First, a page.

Since 2018, India has been committed to acquiring S-400 missile systems from Russia, much to the United States’ displeasure. Last month, Lloyd Austin, the US Defense Secretary, visited India to discuss the $5.5 billion deal for the acquisition of missile systems from Russia.

The 2017 Countering America’s Adversaries Through Sanctions Act (CAATSA) is, in fact, still there, waiting for someone to walk in its trap. In December, Lavrov clearly stated how India was part of a massive and aggressive campaign by the West. New Delhi would not, in fact, prove the first to be sanctioned by the United States because of arms purchases from Russia. Turkey knows this unhappy ending too well.

This renewed commitment by Moscow and New Delhi in the military-technical field comes at a troubled time in the relations between the United States and the Russian Federation. Just a few days ago, Washington imposed new sanctions on the Kremlin and expelled ten Russian diplomats, purportedly because of the SolarWinds cyberattacks.

Beyond defense cooperation

In February 2021, the visit paid by Harsh Shringla, the Indian Foreign Secretary, to Moscow represented the first trip during the COVID-19 pandemic. This event inevitably underlines the privileged relationship between the two countries. Yet, appearances are deceptive sometimes.

First of all, Lavrov’s trip to New Delhi was combined with that to Islamabad. According to some analysts, this was perceived as a belittling sign from Moscow’s part. This may be the reason why the Indian Prime Minister, Narendra Modi, has decided not to meet Sergey Lavrov during his stay.

India remains extremely doubtful about Russia’s closeness with Pakistan. However, Roman Babushkin, the Deputy Chief of the Russian mission to India, has made it clear that cooperation with Islamabad is much more limited than that with New Delhi and that it is mainly based on the common threat of terrorism. He also expressed Russia’s willingness to stay away from the bilateral issues concerning India and Pakistan.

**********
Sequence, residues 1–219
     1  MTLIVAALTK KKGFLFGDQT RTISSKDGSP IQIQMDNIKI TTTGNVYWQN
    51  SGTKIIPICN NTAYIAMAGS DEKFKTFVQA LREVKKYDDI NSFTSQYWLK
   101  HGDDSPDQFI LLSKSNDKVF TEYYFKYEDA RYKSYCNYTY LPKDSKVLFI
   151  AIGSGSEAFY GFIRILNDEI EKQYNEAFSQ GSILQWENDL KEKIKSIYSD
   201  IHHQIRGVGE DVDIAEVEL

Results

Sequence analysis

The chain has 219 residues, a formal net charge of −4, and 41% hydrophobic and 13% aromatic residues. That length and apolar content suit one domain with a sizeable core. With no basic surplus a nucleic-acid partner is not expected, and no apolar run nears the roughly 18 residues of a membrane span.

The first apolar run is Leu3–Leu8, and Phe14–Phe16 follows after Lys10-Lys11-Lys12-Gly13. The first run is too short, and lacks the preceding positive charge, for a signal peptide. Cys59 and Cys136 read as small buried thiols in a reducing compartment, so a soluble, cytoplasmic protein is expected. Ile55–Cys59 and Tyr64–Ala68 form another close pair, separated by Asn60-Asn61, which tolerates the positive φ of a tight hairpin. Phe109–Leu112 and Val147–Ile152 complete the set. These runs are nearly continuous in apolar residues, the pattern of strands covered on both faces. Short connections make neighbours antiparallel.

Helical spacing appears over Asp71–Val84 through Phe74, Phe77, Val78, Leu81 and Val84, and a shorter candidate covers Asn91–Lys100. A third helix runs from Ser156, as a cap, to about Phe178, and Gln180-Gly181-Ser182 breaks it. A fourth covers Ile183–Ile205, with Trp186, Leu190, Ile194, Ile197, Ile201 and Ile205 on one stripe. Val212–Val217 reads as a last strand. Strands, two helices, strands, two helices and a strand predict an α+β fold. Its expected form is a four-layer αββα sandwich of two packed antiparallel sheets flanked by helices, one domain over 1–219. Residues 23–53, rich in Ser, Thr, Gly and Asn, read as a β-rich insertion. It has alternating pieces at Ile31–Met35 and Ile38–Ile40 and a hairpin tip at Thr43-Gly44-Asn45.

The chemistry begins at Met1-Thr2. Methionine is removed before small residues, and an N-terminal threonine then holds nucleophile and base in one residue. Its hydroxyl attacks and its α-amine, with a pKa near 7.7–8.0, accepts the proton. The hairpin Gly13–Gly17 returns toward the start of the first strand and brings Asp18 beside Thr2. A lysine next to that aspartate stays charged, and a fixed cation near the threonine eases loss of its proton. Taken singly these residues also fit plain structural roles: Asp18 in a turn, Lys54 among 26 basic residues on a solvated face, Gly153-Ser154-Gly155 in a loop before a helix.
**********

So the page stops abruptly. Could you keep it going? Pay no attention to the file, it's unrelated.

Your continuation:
Second, Russia remains the top arms supplier for India; however, New Delhi has turned an eye to the United States and Israel in the last decade. Recently, India reportedly leased four Heron UAVs from Israel. Moreover, at the end of March, the Indian special forces carried out a military drill together with the U.S. special forces at Bakloh in Himachal Pradesh.

This turn to the United States has been questioned by Russia in different contexts. Moscow does not share the view about New Delhi’s Indo-Pacific strategy. Suffice it to say that India is one of the four partners of the QUAD initiative, also known as the “Eastern NATO”. Jaishankar, however, explained that a kind of “Asian NATO” has never been part of India’s plans. Probably, within QUAD, India is the country least inclined to forging a real military alliance rather conceiving the initiative as part of a diplomatic dialogue.

Russia strictly condemns this informal strategic dialogue, by defining the QUAD format as part of “anti-China games”. The Quadrilateral Security Dialogue is, in fact, seen by the Kremlin as a sort of a revival of the Cold War era thinking.